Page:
In the wake of a terrorist plot uncovered by the British, airports across the U.S. have ramped up security.
At Nashville International Airport, spokeswoman Lynne Lowrance says travelers should expect longer lines today because of the additional security.
Passengers are not allowed to carry any liquids or gels aboard airliners. Items such as hair gel, toothpaste and lotion must be in checked baggage. All boarding passengers must remove their shoes for inspection.
Any beverages bought in the boarding areas must be consumed before passengers board.
Lowrance says other tips for travelers are posted on a Transportation Safety Administration Web site.
She says Thursday is one of the busier days for travel and substantial lines are reported this morning at the Nashville terminal. The British arrested 21 people in what they say was a plot to blow up as many as ten airliners departing the U.K. for the U.S.
Britain thwarted a terrorist plot to simultaneously blow up several aircraft heading to from Britain to the U.S. using explosives smuggled in hand luggage.
Blair briefs Bush on terror plot
LONDON (AP) -- Prime Minister Tony Blair has briefed President Bush on the alleged terror plot against flights between the U-S and Britain.
Blair's office has issued a public statement in which the British leader praises the cooperation between the two countries.
He says today's news "underlines the threat we face and our determination to counter it."
Blair has been vacationing in the Caribbean, while Bush is vacationing at his Texas ranch.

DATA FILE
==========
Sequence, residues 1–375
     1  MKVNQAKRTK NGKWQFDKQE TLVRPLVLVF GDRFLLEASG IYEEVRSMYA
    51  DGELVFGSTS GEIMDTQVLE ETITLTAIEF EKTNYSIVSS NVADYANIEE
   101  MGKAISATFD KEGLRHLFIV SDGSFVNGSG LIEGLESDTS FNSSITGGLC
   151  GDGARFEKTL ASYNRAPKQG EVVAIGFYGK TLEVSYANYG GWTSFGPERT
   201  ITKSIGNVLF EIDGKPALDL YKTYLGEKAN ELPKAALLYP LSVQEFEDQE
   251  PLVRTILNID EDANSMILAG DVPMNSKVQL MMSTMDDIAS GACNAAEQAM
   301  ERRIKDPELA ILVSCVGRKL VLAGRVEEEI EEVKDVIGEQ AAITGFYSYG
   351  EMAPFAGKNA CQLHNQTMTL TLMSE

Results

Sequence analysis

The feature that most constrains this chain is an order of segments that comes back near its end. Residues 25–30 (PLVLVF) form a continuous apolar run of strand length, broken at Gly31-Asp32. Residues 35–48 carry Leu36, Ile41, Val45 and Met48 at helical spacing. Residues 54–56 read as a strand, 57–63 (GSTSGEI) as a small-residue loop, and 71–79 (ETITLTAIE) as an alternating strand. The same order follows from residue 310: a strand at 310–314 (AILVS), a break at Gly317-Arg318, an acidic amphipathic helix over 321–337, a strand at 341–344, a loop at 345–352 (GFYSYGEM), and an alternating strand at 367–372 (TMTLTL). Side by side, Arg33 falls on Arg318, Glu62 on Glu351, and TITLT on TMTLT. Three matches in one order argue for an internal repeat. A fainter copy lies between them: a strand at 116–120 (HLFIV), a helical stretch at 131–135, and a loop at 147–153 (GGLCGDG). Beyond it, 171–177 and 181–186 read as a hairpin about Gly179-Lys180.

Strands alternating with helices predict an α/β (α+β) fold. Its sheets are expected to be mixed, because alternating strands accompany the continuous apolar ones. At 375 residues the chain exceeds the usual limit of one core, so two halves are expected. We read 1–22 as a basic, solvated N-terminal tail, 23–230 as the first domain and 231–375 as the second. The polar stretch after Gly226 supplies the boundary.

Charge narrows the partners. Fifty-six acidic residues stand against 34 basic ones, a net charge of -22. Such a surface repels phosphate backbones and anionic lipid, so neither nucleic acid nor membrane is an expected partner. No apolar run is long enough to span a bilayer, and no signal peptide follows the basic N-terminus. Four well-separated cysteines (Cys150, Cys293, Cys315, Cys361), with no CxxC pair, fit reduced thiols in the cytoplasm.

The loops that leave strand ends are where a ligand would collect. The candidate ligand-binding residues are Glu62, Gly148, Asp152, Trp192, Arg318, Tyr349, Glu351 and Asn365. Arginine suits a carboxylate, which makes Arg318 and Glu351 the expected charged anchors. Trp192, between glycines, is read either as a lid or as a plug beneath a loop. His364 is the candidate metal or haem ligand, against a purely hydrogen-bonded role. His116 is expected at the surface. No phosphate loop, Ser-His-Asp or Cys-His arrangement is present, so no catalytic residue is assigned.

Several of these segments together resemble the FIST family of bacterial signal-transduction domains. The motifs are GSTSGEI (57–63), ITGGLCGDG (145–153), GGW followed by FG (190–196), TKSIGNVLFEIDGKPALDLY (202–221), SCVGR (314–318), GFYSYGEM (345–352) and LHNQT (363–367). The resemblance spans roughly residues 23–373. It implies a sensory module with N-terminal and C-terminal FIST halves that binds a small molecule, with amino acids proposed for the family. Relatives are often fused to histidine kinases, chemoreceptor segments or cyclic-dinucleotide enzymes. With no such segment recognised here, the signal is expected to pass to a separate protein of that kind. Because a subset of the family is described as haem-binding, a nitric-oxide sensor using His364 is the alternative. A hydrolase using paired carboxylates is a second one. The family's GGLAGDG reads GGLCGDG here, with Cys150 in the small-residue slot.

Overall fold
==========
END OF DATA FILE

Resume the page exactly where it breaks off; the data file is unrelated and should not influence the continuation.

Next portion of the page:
Meanwhile, police with bomb-sniffing dogs are patrolling London's Victoria Station as officials tightened security at train stations with connections to British airports.
Britain thinks it's arrested the main suspects in an alleged airplane plot
LONDON (AP) -- British authorities think they've arrested the ringleaders of a plot to blow up passenger jets on flights to the U-S.
Britain's Home Secretary John Reid says if the terrorist plan had been carried out, it would have caused death "on an unprecedented scale."
London Deputy Police Commissioner Paul Stephenson says the deaths could have been unprecedented in Britain. But he says it would not have been appropriate to compare them to the U-S losses of nearly three-thousand people on Nine-Eleven.
British authorities have arrested at least 21 alleged plotters, including all the main players, but say they regard it as an "ongoing, complex operation."
One official says Britain's surveillance actions in the case have been unprecedented, involving police in Britain and overseas.